The first thing you can do is visit Donation Town, which is an internet resource for donating clothing and other goods to charity organizations. The website is as an online directory of charity organizations that offer pick up service for you donated items. A simple search through their directory will get you the charity organizations closest to you.
There area many nonprofit stores that take your unwanted items and sell them to the public in order to make money to serve their causes and support the community at large. These places will take your clothing furniture, bedding, kitchen supplies, toys, and electronics.
Here are some nonprofit store options:
- Goodwill organizations placed 313,000 people into employment positions in the United States and Canada last year. In addition, 34 million people accessed Goodwill education for mentoring, training, education to enhance their skills and assist in finding employment.
By donating to Goodwill, you help create opportunities for people in your community to build job skills and find jobs, and the individuals include military families, single parents, and homeless people.
Goodwill accepts items that are in serviceable condition and contain all of their parts and pieces, and are free of tears and stains. They do not accept items that have been recalled or banned, or do not meet safety requirements. Goodwill accepts computers and electronics, vehicles, and mattresses, but they request that you call them before donating to find out if there are any restrictions or rules around them.
Goodwill has a locator page in order to find the center that is closest to you. If you are donating numerous items, give them a call. Many of their donation centers have a pickup service. Goodwill also has donation bins and donation drives at college campuses and retails stores, so there are numerous options for you to donate your belongings to them.
- The Salvation Army serves the world in many respects, and if you are looking to donate your belongings to a religious-based organization that does not discriminate, they might be the right choice for you.
The Salvation Army serves 25 million people Americans annually, but assists people in 128 countries around the world. By donating your unwanted possessions to the Salvation Army, you will help support their rehabilitation programs that focus on addiction treatment. Salvation Army Family Stores accept clothing, furniture, household goods, appliances, and furniture that are in good shape. You can schedule a free pickup or find a drop-off location by visiting their website.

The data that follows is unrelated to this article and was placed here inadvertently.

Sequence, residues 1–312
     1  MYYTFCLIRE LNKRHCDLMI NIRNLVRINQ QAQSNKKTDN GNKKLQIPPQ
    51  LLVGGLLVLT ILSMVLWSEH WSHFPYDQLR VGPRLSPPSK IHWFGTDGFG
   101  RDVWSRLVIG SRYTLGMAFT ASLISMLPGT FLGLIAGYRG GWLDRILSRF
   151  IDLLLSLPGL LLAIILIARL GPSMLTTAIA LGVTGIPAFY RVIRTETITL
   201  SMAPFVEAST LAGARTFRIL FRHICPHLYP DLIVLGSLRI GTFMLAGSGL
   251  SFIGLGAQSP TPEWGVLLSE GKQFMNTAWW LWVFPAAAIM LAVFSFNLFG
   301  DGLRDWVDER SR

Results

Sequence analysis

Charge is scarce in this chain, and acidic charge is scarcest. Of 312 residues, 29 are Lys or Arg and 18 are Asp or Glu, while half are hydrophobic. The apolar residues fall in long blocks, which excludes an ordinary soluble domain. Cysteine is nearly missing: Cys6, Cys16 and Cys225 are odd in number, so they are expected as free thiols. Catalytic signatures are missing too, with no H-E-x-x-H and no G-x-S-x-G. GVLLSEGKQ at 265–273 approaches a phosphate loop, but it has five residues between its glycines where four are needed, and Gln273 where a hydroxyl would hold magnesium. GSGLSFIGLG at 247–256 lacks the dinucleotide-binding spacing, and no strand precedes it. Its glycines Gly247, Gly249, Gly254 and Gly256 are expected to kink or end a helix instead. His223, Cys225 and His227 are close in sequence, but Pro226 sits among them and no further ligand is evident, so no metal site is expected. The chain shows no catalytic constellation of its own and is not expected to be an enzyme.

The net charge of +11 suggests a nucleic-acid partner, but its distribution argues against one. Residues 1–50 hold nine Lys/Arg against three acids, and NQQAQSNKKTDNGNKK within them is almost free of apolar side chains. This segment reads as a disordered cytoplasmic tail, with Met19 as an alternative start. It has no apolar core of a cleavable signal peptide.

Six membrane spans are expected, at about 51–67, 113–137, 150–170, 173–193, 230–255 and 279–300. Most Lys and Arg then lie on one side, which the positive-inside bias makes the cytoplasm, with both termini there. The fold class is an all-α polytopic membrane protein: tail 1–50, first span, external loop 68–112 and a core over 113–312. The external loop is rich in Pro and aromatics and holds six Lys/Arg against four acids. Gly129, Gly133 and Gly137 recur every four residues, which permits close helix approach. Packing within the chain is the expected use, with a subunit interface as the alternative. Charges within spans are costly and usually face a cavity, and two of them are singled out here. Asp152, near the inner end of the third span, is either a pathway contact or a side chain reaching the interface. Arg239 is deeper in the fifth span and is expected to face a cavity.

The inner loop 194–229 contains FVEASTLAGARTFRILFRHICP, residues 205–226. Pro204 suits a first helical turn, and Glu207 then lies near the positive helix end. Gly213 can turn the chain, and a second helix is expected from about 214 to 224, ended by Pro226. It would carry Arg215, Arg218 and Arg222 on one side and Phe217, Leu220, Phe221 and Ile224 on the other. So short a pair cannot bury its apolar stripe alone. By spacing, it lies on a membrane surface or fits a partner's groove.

- The Habitat for Humanity uses the money they raise at their Habitat ReStores to help families construct well-built and affordable homes. ReStores are home improvement shops that accept both large and small donations of new and gently-used items. They are looking for furniture, appliances, housewares, building materials, and other items. You can donate your belongings in person or contact them for free pickup of large items.
Your local library will often take donated used books, and if they don’t take your books, they will offer places that need them. Those places include local literary groups that are run by library services, and sister libraries in rural areas and other locations that are not as well equipped or funded as the libraries in the city. In some cases, your local library will find homes for you magazine collection as well.
Not all schools are well quipped with adequate books and school supplies, so ask the schools in your area if they have any use for your used books and supplies. Magazines are also welcome because they can be uses for crafts, as long as they are age appropriate. Office supplies in the form of copying paper, slightly used colored pencils, and crayons are also welcome in many cases.
Shelters need household items like bedding and clothing. Many of them also have in-house libraries; therefore, they often take used books and magazines. Usually, they will also take working computers and electronics.